You will notice that I do not directly mention the sin and temptation in view by name. This is because the clear testimony of Scripture commends us not naming it except sparingly and in absolute need. “Sexual immorality and all impurity or covetousness must not even be named among you, as is proper among saints. Let there be no filthiness nor foolish talk nor crude joking, which are out of place” (Eph 5:3-4, emphases mine). “To others show mercy with fear, hating even the garment stained by the flesh” (Jude 23). “Put to death therefore what is earthly in you: sexual immorality, impurity, passion, evil desire” (Col. 3:5). “Flee from sexual immorality” (1 Cor. 6:18). “It is shameful even to speak of the things that they do in secret” (Eph. 5:12). “God has not called us for impurity, but in holiness” (1 Thess. 4:7). It needs but little comment that the sin in view is something that Scripture regards as filthy, impure, unholy, earthly, immoral, shameful, and prone to corrupt all that it touches, such that it is dangerous to our souls and displeasing to God to even talk or think about it. Rather, we are to flee from such things and instead set our minds on “whatever is true, whatever is honorable, whatever is just, whatever is pure, whatever is lovely, whatever is commendable” (Phil. 4:8).
One will notice further that my position here puts me to the right of many of the prominent opponents of the temptation in view. That is intentional. In many cases even the opponents of this thing have erred by allowing the debate to occur along the wrong lines and by too much using the concepts and terms of its proponents and normalizers. It should be deemed sheer lunacy to give office to people who are so grievously tempted by a desire to do what is heinous. Instead, even many of the opponents have gone out of their way to say that it is only the self-description to which they object, not the temptation.
Lastly, if it be doubted that my position that such temptations disqualify one for office is correct, answer this question: if temptations do not qualify in such a case, when would they do so? Never? But if one says that then it would follow that it would be reasonable and safe to ordain youth pastors who are tempted to pedophilia. And if one says on the other hand that temptations are indeed sometimes disqualifying one admits my position is correct (in principle) and raises some rather difficult follow-up questions. Who decides what temptations are disqualifying, and on what grounds? I have an answer to that: temptations to do what is contrary to nature and to do what is so displeasing to God that he names the sin in question by euphemisms (Lev. 20:13), uses it as a temporal judgment (Rom. 1:24, 26), and only lists historical examples of it while also describing how he punished those that committed it (Gen. 19:5-13, 24; Jdgs. 19-20; 2 Pet. 2:6; Jude 7), ought to be deemed disqualifying. But I am interested to see if anyone will dare attempt to make the case that a) some temptations disqualify; but b) the temptation to break Lev. 18:22 is not one of them – for I do not think that such a thing can be done absent violating the scriptural witness as to the utter depravity of the thing in view.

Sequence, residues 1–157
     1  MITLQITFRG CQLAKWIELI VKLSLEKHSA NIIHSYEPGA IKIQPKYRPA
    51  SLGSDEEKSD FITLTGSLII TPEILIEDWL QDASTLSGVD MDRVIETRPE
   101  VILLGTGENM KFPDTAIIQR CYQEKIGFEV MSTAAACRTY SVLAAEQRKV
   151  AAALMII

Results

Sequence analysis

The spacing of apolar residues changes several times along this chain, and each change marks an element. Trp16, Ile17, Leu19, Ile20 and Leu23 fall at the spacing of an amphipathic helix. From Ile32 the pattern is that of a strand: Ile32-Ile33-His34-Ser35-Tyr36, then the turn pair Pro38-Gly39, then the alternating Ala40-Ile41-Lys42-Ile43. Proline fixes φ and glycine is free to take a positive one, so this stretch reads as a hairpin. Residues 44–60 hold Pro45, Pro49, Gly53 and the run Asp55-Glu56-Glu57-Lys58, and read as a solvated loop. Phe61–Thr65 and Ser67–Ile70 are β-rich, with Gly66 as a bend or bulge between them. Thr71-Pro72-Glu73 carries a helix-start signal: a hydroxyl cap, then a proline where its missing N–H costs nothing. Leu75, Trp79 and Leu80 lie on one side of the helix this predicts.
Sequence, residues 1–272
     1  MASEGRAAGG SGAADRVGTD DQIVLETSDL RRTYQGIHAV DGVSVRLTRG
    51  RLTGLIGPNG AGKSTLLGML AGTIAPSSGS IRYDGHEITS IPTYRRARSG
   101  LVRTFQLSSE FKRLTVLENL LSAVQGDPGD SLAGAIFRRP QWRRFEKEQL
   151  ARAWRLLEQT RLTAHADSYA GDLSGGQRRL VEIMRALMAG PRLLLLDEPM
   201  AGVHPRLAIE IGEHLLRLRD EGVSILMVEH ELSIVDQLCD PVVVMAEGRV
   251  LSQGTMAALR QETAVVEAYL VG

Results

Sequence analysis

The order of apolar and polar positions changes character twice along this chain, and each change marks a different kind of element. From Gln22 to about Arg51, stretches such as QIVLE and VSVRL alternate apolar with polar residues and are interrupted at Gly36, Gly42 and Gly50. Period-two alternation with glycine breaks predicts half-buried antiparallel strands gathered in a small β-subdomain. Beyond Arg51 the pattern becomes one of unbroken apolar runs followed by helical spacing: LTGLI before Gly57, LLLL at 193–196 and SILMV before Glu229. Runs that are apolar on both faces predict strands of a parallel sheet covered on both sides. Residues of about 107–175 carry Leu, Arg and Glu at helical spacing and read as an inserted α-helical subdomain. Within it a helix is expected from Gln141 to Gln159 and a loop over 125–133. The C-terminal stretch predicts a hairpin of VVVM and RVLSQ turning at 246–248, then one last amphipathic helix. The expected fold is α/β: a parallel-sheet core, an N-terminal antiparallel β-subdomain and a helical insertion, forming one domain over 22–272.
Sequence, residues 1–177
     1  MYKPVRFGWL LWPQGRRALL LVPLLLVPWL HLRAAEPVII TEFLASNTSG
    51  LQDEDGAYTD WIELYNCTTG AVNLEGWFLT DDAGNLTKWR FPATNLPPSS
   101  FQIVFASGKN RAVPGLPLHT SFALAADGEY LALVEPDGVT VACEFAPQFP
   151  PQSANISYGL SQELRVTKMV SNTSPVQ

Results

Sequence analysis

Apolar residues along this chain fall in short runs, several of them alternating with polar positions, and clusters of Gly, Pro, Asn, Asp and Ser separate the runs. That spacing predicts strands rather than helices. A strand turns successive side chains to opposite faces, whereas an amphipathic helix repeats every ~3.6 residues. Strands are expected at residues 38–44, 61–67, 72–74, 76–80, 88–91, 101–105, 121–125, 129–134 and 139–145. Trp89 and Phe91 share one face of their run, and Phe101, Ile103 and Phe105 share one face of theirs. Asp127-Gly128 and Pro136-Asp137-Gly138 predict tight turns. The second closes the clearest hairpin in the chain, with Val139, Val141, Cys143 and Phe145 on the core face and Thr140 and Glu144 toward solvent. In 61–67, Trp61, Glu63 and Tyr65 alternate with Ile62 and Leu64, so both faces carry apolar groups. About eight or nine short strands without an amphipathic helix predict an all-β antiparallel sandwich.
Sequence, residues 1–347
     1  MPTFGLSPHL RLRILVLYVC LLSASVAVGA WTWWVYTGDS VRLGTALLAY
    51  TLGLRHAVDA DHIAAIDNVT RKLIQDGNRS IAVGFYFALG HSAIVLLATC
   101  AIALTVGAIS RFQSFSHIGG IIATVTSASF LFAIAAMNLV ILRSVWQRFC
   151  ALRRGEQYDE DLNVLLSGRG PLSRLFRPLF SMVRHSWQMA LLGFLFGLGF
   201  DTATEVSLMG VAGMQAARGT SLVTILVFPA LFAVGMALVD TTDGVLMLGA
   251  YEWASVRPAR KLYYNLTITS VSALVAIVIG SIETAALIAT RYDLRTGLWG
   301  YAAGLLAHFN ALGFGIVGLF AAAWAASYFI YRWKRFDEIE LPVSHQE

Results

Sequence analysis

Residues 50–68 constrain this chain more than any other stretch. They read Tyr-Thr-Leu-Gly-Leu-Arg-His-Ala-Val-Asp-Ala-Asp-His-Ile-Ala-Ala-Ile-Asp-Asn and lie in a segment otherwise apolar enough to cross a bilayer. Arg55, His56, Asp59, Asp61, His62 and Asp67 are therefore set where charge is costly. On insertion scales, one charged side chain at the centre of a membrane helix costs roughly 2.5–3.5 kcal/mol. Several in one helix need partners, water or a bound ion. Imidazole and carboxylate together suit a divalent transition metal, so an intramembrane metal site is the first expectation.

Tom Hervey is a member, Woodruff Road Presbyterian Church, Simpsonville, SC. The statements made in this article are the personal opinions of the author alone, and do not necessarily reflect the views of his church or its leadership or other members.
 The sin in question does not occur in isolation, and is frequently mentioned in combination with other sins (Rom. 1:29-32; 1 Cor. 6:9-10; 1 Tim. 1:9-10).
 Even granting that some of the particular gifts listed in such passages (e.g. gifts of healing, 1 Cor. 12:9) have ceased, the point remains that God’s empowering grace is not limited to only a few, but is diffused throughout the church body.
As was intimated by a ruling elder, Kyle Keating, in a speech at the 2021 General Assembly: https://byfaithonline.com/against-overtures-23-and-37/
The Success of “Avatar” Is Nothing to CelebrateBy Titus Techera — 1 month ago
Intellectually, the Avatar stories seem worthless, beneath contempt, indeed, beneath argument. This leads people to underestimate them but also to feel themselves somehow disarmed. One looks ridiculous if one complains that the stories are anti-American. It takes a certain courage to deal with that problem, and courage is in very short supply in our times.
The biggest box office success in cinema history, strictly in dollars taken in, is Avatar, the 2009 movie that made 3D a technology audiences would finally flock to. The movie made some $785 million in America, more than another $2 billion in the rest of the world, adding up to about $2.9 billion. Since then, it’s sold an additional $430 million in DVDs (including 3D Blu-ray editions). We have to use our imaginations when it comes to how much the movie was watched online in pirated copies. One is tempted to say that everyone has seen it. If there’s globalization, Avatar is it.